While lawyers for the victims in a class-action suit were assured a foundation would be set up to compensate civilians used for slave labour, they were told the funds would not extend to military personnel. Germany said it was prepared to compensate mainly Jewish, Polish and Ukrainian civilians transported to Germany for slave labour before and during the Second World War, but not British soldiers.
On Wednesday solicitors from the firms Martyn Day, Leigh Day & Co and Fentons negotiated with civil servants in Bonn. The Germans said that, since their own PoWs were unlikely to be compensated, they could not offer compensation to military personnel.
But they agreed to set up a foundation to compensate forced-labourers from East Europe who moved to Britain at the end of the War.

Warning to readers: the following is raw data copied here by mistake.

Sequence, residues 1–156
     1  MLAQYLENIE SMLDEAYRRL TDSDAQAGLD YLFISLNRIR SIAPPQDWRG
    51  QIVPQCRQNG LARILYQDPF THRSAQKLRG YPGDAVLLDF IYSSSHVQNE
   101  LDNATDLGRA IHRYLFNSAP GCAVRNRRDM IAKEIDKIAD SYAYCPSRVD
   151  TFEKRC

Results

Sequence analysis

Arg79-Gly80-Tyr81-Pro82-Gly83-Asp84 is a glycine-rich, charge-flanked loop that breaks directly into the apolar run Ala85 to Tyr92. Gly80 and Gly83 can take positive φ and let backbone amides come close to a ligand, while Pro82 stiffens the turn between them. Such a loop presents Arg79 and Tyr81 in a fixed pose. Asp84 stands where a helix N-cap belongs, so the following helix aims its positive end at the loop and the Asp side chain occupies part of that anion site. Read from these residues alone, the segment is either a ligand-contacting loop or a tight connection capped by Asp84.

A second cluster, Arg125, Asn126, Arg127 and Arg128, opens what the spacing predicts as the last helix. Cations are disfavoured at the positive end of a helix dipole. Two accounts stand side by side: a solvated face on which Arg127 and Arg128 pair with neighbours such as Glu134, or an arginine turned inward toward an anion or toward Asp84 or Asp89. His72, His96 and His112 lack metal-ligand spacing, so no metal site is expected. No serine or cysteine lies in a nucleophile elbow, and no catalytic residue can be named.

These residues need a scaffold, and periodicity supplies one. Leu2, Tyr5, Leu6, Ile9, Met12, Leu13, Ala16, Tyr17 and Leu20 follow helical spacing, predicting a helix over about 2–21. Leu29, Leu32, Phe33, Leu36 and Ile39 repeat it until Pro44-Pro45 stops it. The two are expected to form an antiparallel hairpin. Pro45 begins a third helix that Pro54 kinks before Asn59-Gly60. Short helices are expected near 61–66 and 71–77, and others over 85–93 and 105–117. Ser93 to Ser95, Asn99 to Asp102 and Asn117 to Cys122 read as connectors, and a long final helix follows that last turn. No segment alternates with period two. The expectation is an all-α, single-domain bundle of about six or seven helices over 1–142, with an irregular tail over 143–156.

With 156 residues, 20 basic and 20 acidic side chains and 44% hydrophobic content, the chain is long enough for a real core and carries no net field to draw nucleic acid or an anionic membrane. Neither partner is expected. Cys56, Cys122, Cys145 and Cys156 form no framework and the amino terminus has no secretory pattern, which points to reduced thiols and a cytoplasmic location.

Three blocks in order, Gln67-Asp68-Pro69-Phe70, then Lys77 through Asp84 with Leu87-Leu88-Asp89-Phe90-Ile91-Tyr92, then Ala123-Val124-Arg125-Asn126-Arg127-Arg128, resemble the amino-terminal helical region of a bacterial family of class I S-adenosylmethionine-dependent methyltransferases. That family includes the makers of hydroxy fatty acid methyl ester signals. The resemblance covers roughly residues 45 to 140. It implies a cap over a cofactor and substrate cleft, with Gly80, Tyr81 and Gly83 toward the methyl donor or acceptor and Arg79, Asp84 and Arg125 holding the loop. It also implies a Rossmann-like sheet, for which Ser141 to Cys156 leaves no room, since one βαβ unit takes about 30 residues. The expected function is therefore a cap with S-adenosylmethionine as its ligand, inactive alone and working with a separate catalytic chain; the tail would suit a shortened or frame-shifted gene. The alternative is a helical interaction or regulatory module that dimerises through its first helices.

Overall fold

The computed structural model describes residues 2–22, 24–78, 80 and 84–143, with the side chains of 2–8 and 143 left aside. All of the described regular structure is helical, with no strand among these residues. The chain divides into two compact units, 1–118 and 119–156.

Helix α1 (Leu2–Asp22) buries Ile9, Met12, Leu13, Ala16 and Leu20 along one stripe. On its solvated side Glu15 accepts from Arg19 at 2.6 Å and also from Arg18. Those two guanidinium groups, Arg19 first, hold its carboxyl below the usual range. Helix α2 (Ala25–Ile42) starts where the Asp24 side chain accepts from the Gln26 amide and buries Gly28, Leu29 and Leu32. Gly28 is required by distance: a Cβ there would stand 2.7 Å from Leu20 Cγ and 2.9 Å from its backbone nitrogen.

Compensation claims will be paid by funds contributed by German industry and the German government. The global figure offered for compensation claims worldwide is likely to be about pounds 4bn.
Lawyers heading the delegation have pledged to continue to press the cause of the British PoWs. Fentons partner Kieran Maguire said: "Setting up of a fund for UK residents is a welcome step forward by the German government. We are urging them to expedite the process to ensure that those victims who worked in appalling conditions for many years are compensated as quickly as possible."Reuse content